Support for LAist comes from
We Explain L.A.
Stay Connected
Breaking news: Mark Ridley-Thomas is found guilty of bribery and conspiracy

Share This

This is an archival story that predates current editorial management.

This archival content was written, edited, and published prior to LAist's acquisition by its current owner, Southern California Public Radio ("SCPR"). Content, such as language choice and subject matter, in archival articles therefore may not align with SCPR's current editorial standards. To learn more about those standards and why we make this distinction, please click here.


What's Not Funny? A Judge "Joking" About the Ku Klux Klan.

Support your source for local news!
Today, put a dollar value on the trustworthy reporting you rely on all year long. The local news you read here every day is crafted for you, but right now, we need your help to keep it going. In these uncertain times, your support is even more important. We can't hold those in power accountable and uplift voices from the community without your partnership. Thank you.

Los Angeles County Superior Court Judge Harvey Giss thinks "[p]eople don't have a sense of humor anymore," when it comes to kidding around about the Ku Klux Klan, according to the LA Times. Details of an off-the-record discussion between Giss and attorneys from July 2010 are surfacing, and yesterday the judge "was publicly admonished" by the state's Commission on Judicial Performance (CJP).Per the CJP's release, Giss joined a discussion about a possible plea deal with two African American defendants, believing "counsel wished him to intercede and explain the potential benefits of the plea," which he felt he would not be able to do successfully. Giss then "made a remark to the effect that he guessed that the only thing that would make the defendants plead was for the judge to come out in a white sheet and a pointy white hat, which the judge indicated he would not do." (As the CJP thoughtfully points out, that remark "referenced the Ku Klux Klan and the fact that both defendants were African-American.")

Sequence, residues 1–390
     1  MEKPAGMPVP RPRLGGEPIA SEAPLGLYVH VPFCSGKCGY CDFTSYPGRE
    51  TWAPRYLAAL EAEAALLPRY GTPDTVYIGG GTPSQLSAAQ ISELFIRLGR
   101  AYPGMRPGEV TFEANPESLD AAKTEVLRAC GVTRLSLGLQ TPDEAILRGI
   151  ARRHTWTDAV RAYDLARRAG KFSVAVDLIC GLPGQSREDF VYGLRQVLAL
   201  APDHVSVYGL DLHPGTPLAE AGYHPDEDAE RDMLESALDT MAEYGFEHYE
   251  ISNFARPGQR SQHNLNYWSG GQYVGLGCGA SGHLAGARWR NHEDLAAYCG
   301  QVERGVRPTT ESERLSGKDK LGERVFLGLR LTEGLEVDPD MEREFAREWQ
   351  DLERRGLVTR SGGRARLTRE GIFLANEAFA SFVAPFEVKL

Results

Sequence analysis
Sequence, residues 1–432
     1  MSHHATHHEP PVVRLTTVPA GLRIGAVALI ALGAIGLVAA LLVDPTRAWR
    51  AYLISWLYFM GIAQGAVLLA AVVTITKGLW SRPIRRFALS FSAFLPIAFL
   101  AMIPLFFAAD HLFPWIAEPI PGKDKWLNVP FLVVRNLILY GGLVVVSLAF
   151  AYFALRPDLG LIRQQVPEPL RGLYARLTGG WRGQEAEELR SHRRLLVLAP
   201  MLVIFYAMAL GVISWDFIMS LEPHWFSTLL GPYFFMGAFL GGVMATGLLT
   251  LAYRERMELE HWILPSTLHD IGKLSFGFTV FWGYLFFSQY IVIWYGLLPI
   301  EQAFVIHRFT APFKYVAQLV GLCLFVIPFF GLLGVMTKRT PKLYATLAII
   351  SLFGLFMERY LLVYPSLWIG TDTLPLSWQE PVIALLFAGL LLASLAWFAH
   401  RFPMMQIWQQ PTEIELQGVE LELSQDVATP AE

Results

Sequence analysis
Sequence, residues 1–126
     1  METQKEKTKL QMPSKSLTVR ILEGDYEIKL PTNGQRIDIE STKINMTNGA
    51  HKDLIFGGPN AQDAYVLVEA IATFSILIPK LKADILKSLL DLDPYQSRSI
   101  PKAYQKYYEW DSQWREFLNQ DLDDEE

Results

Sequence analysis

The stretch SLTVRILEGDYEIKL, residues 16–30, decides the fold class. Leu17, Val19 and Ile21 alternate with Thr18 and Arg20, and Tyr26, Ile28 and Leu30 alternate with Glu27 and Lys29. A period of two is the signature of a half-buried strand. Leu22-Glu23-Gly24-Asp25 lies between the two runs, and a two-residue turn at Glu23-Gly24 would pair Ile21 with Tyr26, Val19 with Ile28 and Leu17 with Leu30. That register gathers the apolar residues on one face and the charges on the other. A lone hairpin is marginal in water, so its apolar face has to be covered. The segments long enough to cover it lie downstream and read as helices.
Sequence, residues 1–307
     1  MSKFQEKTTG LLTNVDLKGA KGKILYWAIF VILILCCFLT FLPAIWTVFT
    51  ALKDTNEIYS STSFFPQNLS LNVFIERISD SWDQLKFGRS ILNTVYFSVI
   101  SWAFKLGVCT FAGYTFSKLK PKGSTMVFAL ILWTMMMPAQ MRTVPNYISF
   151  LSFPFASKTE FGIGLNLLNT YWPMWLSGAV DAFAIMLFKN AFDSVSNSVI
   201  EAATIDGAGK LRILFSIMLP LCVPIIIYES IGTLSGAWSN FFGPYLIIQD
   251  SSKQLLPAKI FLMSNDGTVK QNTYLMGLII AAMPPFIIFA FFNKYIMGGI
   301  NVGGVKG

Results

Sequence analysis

Hilarious and appropriate, right? Not so much. Giss was asked by the defense to be recused, then admitted he made a "bad statement," adding the aforementioned gem about people lacking a sense of humor.

The CJP says Giss' remark was "insensitive," and constituted a failure to refrain from speech that would reasonably be perceived as bias or prejudice," citing violations on the judge's part of a handful of Judicial Ethics canons.
The Commission found that Judge Giss should have kno

Giss ultimately withdrew from the case and it went before another judge. After the admonishment was released, Giss' attorney said his client "regrets that the comment was made," and that the remark was both "unfortunate" and "in jest."

Most Read